Harrow County: Snake Doctor

Harrow County: Snake Doctor
Harrow County Snake Doctor review
  • North American Publisher / ISBN: Dark Horse - 978-1-50670-0717
  • Volume No.: 3
  • Release date: 2016
  • UPC: 9781506700717
  • Contains adult content?: no
  • Does this pass the Bechdel test?: yes
  • Positive minority portrayal?: yes

Under any other circumstances art by Carla Speed McNeil would be welcome, but over the previous two volumes Tyler Crook has defined Emmy Crawford’s world with a mixture of picturesque beauty and dark horror, that any change is instantly disturbing. McNeil is good, but different. Her creatures don’t skulk in the darkness, and they’re seen up close, which makes for unpleasant visuals as the bulk of her story concerns the skinless boy. However, as creepy as the story is, McNeil just doesn’t create the same atmosphere as Crook, who thankfully draws the two chapter title story.

To create the spooky atmosphere of Harrow County Cullen Bunn is inclined to throw in random disturbing connections in passing. Perhaps he’d always intended to continue with the theme of dragonflies indicating the presence of snakes, and perhaps not, but why waste a good idea? It sets the title story in motion, one that beautifully encapsulates a small 1930s community and their fears. It also demonstrates the series title, as Emmy, leading character over the previous two books, is barely seen during the first three chapters. For the title story her friend Bernice stars as an observer discovering what’s possibly a second witch in the area.

Crook’s poised ink and watercolour pages charm on a story not what it first appears to be. Think about it too hard and that someone could live in isolation outside the same town for decades without people knowing their true nature doesn’t ring exactly true. However, anything supernatural takes some faith, and if that’s what it takes to bring Bernice’s quest to life, it’s only a small fudge. What makes Bernice’s long night even more terrifying is that snakes are a real world threat, not so easily dismissed. It’s spooky, and it’s frightening.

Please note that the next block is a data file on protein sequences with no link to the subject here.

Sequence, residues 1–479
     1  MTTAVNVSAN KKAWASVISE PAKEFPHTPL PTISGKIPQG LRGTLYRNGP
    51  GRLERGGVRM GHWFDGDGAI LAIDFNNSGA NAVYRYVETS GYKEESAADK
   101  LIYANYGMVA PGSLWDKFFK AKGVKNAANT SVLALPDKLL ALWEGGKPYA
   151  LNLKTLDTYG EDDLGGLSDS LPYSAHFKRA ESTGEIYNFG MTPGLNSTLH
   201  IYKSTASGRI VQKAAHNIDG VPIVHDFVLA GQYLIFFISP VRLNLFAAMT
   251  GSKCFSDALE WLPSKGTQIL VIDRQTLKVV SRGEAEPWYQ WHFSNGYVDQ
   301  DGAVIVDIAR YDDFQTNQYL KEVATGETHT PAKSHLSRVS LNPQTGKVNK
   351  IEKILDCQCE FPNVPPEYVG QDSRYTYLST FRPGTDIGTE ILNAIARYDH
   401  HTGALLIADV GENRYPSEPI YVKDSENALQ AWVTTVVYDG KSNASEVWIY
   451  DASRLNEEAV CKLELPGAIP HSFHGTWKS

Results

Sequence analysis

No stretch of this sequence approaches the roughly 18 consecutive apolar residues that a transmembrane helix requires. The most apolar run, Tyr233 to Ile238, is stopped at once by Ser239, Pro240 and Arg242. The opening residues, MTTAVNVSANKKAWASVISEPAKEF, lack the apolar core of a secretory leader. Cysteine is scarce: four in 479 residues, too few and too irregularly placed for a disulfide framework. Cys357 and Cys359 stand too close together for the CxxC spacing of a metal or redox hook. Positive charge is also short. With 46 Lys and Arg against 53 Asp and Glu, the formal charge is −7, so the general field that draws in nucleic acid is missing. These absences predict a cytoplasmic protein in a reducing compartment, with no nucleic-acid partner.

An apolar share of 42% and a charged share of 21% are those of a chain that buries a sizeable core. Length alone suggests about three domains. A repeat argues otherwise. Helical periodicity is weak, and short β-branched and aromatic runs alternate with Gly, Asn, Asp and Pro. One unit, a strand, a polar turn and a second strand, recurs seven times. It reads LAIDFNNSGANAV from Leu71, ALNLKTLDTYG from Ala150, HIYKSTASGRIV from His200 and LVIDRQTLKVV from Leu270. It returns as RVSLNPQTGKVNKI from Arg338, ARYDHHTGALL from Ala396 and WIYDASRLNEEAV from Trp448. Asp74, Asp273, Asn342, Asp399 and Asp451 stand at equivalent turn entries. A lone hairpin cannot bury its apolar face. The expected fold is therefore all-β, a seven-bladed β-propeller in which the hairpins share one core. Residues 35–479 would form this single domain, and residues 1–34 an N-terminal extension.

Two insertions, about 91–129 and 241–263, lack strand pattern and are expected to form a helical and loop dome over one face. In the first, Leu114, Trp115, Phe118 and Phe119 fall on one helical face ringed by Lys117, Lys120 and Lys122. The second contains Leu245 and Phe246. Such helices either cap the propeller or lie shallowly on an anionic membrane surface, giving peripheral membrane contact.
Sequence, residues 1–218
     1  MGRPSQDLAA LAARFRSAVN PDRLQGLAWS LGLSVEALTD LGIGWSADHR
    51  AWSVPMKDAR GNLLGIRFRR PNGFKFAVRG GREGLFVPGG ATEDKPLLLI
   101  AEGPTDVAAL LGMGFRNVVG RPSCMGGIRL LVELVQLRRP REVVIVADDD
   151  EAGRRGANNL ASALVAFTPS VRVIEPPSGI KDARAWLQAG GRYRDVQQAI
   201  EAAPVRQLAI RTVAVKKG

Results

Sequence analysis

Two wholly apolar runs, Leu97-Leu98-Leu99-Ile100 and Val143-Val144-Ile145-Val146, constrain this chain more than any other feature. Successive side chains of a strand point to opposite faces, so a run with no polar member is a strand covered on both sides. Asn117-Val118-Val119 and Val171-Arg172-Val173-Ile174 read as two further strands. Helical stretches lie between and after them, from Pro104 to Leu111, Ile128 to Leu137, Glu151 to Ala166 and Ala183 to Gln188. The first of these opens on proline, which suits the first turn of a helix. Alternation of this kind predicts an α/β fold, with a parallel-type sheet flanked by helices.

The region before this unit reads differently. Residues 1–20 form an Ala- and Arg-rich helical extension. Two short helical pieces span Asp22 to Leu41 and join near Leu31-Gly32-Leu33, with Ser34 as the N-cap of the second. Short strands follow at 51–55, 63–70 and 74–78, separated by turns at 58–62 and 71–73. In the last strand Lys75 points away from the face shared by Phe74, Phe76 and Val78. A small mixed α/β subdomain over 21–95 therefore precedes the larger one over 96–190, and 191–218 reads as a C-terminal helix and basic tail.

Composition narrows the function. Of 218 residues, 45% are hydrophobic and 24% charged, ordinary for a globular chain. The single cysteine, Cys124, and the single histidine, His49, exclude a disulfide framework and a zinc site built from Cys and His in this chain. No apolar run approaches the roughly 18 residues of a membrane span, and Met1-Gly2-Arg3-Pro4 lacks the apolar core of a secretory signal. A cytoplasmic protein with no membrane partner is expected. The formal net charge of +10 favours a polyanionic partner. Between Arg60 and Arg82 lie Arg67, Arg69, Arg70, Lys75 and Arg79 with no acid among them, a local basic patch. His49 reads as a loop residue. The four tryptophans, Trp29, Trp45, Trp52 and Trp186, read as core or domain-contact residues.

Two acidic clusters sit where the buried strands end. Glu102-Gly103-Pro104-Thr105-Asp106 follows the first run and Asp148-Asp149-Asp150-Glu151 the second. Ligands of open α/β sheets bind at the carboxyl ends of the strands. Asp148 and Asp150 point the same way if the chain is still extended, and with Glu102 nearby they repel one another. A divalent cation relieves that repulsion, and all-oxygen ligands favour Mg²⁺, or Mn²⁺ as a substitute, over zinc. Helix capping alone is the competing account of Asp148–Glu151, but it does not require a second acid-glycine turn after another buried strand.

Hannah Christensen’s art for the final story doesn’t cut the mustard. Whereas McNeil’s was a matter of the style not matching expectation, Christensen has a fair way to develop. Her sense of scale is faulty, the people are static, and too many have peculiar expressions. She’s best when the supernatural shenanigans break loose and distract from the remainder. Her art features on a tale of a haunted house with a difference, and with a surprise ending for readers of previous volumes.

There are features that can adapt to any amount of artistic approaches, such as Batman or Judge Dredd, but on the basis of these first steps away from Crook drawing everything perhaps Harrow County isn’t among them. This content is also available in the oversized hardback Harrow County Volume Two, combined with following volume Family Tree, and in the first Harrow County Omnibus.